British Columbia is now the second province in Canada with such legislation in effect following Prince Edward Island in 2022. Ontario may also follow suit with the Minister of Labour, Immigration, Training and Skills Development recently announcing the intent to introduce legislation next week regarding pay transparency. As details emerge and if the legislation progresses toward becoming law in Ontario, we will keep you informed.Continue Reading British Columbia Becomes The Second Province with Pay Transparency Legislation

On October 26, 2023, the Working for Workers Act, 2023(the “Act”), the Ontario government’s third iteration of this legislation aimed at protecting workers,  received Royal Assent and came into force. The Act introduces amendments to several employment-related statutes, impacting employers across the province. Below are some of the most relevant amendments.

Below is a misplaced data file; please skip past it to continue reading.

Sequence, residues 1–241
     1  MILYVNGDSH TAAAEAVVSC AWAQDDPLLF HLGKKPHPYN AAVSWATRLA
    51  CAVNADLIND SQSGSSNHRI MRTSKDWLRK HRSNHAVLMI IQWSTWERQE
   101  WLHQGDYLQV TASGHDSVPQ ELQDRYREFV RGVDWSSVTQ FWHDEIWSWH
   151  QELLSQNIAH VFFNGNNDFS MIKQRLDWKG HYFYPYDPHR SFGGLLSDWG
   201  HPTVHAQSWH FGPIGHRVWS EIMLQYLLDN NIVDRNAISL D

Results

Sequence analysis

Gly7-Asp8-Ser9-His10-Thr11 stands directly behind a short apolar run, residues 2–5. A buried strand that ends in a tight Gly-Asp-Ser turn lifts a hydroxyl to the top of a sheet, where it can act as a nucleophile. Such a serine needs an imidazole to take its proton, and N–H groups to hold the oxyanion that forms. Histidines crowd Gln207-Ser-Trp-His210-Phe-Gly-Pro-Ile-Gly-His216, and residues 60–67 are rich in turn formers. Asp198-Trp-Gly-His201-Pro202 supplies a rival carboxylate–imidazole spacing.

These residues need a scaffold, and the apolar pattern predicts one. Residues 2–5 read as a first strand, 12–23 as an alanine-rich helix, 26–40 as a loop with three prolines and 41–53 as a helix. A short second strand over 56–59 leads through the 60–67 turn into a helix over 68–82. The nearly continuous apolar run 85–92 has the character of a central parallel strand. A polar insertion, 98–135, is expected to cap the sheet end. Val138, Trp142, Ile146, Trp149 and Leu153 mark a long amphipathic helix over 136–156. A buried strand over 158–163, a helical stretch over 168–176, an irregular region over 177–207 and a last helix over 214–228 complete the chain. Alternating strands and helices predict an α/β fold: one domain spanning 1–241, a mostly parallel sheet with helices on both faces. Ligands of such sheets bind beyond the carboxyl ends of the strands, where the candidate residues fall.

Mass Terminations Under the ESA:

One of the most notable changes introduced by the Act is the expansion of the definition of an employer’s “establishment” under the Employment Standards Act, 2000 (“ESA”). This expansion now includes the private residences of employees who work from home. As a result, employers must take these employees into account when assessing mass terminations. Mass terminations occur when 50 or more employees are terminated within the employer’s “establishment” in a four-week period.Continue Reading Ontario’s Working for Workers Act, 2023: Key Changes Affecting Employers

In Ontario, employers must abide by the Occupational Health and Safety Act (OHSA) to ensure the safety of their workplace and workers. One legal requirement under OHSA that we often get questions about is an employer’s obligations around Joint Health and Safety Committees (JHSC). Here are some practical tips for employers to meet these obligations. Continue Reading Practical Tips on How Employers Can Meet Their Joint Health and Safety Committee Obligations